Gentle Reader, When Kaye Dacus agreed to write one of her wonderful posts comparing two Jane Austen film adaptations, we rejoiced. In this instance, Kaye compared Sense and Sensibility, 1995 to the latest adaptation of S&S that is currently being aired on Masterpiece Classic. Watch Part II this Sunday at 9 p.m. on your local PBS station. Meanwhile, enjoy Kaye's take on both films:
When new film adaptations of Jane Austen’s novels are made, there is no sense in pretending we don’t compare the actors and actresses from the various versions. Since Barbara Larochelle did such a good job of reviewing the new adaptation concerning the story and the setting, I thought I’d just do what I do best: compare the actors and actresses head-to-head.
I thought about including the 1981 BBC miniseries, but since I’ve had the DVD of it for a few years (purchased as part of a set) and have never watched it, this will focus on just the 1995 Emma Thompson version in comparison to the new Andrew Davies version.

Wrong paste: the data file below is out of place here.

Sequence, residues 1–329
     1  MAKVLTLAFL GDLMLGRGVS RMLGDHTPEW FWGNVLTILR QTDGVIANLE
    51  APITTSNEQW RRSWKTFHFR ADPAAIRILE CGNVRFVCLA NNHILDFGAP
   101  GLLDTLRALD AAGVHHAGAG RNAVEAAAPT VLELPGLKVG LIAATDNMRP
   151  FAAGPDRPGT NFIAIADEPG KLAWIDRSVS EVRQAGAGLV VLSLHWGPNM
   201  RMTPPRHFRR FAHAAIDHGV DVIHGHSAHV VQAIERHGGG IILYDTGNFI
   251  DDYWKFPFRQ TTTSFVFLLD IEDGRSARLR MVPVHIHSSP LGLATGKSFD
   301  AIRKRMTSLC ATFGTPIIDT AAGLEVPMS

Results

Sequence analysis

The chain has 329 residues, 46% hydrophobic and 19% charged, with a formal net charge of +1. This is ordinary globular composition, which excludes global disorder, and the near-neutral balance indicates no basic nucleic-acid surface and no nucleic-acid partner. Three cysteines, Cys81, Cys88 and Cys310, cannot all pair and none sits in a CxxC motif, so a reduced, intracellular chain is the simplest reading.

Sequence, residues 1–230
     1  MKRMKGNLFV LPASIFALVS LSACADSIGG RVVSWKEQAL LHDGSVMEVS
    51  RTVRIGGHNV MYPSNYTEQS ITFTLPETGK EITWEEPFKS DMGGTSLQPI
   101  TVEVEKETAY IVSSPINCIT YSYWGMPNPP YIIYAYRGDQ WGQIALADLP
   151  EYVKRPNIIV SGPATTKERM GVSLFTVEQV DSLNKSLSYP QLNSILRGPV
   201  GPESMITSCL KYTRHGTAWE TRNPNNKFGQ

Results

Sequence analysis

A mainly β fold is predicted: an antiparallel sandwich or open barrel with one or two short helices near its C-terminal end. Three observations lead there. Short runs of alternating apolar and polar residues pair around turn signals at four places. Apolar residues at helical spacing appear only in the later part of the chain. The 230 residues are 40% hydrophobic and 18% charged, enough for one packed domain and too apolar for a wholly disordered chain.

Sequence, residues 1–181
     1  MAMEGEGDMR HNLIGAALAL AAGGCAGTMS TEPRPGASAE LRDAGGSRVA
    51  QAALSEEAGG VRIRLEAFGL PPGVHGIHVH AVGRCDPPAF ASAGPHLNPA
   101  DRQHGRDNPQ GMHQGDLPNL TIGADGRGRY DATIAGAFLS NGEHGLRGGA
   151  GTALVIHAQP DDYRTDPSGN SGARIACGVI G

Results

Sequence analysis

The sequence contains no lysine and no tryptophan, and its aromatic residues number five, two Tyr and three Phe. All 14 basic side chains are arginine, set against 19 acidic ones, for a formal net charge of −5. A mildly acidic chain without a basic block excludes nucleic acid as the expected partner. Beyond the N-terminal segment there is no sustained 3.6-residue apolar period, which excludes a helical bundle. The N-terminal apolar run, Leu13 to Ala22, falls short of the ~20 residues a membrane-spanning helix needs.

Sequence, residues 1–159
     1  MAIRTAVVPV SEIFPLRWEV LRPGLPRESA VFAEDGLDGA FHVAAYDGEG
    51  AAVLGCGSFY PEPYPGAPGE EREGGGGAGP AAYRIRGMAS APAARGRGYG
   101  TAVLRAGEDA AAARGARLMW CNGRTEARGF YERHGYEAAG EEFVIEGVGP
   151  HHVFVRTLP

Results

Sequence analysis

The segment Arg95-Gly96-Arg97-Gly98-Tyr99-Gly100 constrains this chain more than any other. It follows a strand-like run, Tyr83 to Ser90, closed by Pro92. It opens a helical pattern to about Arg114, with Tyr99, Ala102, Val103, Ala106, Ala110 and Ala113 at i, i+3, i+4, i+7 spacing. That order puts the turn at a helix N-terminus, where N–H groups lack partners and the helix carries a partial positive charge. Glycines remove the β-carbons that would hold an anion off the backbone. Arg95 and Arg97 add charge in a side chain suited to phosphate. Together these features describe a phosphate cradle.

Elinor Dashwood: Emma Thompson vs. Hattie Morahan
In looks, Emma Thompson has Hattie Morahan beaten, hands-down. It has been quite a while since I’ve read the book, but I don’t remember Jane Austen specifying that Elinor is so plain as to be nearly homely. In speaking ability, Emma also has the edge---Hattie has a bit of a lisp at times that makes her sound a bit less refined and intelligent than Elinor is supposed to be. However, in all other respects, I’m going to have to give this one to Hattie Morahan, mainly because of her age---because she was only twenty-eight when filming this, while Emma Thompson was thirty-six. Neither were very close to Elinor’s nineteen when the story begins, but Hattie does look much younger when seen on the screen. Hattie also brings a little less maturity and assuredness to the role. Why is that a good thing? Because in the novel, Elinor is only nineteen years old. She doesn’t know everything, the way Emma Thompson portrayed her. Hattie also has a quietness about her that Emma Thompson tried to adopt but didn’t always manage. Winner: Hattie Morahan.
Marianne Dashwood: Kate Winslet vs. Charity Wakefield